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I am trying to replace the linux kernel in Debian7.11 with a new one of version 3.4.1(the original one is 3.2.0) for experimental environment using Parallels Desktop. I configured the new kernel with the old configuration file in /boot/ and used default values for the new features in 3.4.1.

After I finished this upgrade and reboot with the new kernel, it hung on "Unpacking initramfs". However it succeed to boot when I give it more RAM(1024MB, the original RAM is 512MB). So my question is why it can not boot with low RAM? Is it caused by some configuration options of the kernel?If so, how to configure the kernel to make it possible?

I tried to look into the configuration options of kernel but I can't get the answer. Any help would be appreciated:)

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    Did you build a custom initramfs as well, or are you reusing the one provided by debian? If so, how big is it? Any significant differences between them? What about the size of the kernel itself? It might also be good to enable the earlyprintk kernel option and turn it on during boot to see if it'll get you any additional info. – Patrick Nov 21 '16 at 13:37
  • The new initrd.img-3.4.1 has a size of 121MB while the original one is only 9.8MB, and the size of the kernel is unchanged. Is this the problem? – Arvin Hsu Nov 21 '16 at 14:10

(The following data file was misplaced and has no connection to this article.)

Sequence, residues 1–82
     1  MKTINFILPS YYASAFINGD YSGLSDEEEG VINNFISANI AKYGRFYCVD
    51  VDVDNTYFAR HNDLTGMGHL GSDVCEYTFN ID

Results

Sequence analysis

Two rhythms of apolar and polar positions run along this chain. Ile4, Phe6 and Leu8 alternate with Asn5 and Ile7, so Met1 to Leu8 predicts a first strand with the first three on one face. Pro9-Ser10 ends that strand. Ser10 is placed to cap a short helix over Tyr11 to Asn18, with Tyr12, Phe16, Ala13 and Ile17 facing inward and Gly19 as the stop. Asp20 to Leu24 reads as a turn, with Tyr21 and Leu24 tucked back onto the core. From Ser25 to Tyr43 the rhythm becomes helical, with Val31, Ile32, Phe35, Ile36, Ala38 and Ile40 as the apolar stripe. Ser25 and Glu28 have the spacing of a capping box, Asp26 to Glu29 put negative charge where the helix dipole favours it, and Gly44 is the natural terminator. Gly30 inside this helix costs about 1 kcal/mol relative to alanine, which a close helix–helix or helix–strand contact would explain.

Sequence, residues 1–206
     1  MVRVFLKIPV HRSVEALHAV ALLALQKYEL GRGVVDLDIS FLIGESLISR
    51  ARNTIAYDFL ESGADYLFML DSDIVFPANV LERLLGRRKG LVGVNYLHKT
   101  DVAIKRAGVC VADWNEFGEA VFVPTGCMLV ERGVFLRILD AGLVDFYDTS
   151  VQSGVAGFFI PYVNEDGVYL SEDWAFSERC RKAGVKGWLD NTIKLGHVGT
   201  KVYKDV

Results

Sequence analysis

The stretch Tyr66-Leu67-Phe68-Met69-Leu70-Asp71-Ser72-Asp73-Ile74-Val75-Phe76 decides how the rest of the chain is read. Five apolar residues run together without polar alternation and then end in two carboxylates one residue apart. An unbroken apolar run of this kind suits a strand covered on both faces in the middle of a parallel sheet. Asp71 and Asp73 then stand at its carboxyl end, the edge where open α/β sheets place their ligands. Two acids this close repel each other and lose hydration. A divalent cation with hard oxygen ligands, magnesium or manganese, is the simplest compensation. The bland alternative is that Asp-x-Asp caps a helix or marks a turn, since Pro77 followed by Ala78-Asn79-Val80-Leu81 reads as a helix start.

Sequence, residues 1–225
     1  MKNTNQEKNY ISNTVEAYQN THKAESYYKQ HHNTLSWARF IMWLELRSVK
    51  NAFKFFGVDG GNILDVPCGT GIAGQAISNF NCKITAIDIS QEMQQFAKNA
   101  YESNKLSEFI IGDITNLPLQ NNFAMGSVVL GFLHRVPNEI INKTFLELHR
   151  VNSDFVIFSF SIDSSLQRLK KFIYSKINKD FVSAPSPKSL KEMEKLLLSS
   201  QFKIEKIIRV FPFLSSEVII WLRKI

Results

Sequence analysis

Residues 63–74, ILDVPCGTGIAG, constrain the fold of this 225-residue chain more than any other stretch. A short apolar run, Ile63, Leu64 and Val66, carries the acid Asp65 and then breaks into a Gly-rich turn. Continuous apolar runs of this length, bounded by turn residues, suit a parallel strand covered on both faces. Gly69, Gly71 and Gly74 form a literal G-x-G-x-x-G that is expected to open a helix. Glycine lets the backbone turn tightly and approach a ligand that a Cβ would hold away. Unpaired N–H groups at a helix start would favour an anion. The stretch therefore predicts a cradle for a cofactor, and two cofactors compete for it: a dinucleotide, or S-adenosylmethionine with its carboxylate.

• Well, given that your response seems to indicate that you're using an initrd, not an initramfs (there is a difference), then yes, you are exhausting your available memory. IIRC initrd has a max size of 16mb. And even if you are using initramfs, 121mb is pretty big, and when uncompresses, you could easily be exhausting your available memory. – Patrick Nov 21 '16 at 14:46
  • Really appreciate for your help! I tried to strip the modules to make initrd smaller and now it can boot with low RAM successfully! It is the size of initrd that caused this problem, but can't the swap partition be used at that time? – Arvin Hsu Nov 21 '16 at 17:27
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    Don't be confused by the initrd.img file name, that's actually a compressed cpio archive, which is used to build an initramfs, not a legacy initrd image. And no, you can't use a swap partition while loading it, the point is that your kernel isn't running yet when it's loaded, so everything must fit into the memory. – Ferenc Wágner Nov 22 '16 at 8:02
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Missing any detail about your build process, I can only guess your modules are huge because they include debug symbols. Check the CONFIG_DEBUG_INFO setting in your kernel configuration, and also review the INSTALL_MOD_STRIP environment variable. From Documentation/kbuild/kbuild.txt:

INSTALL_MOD_STRIP, if defined, will cause modules to be stripped after they are installed.

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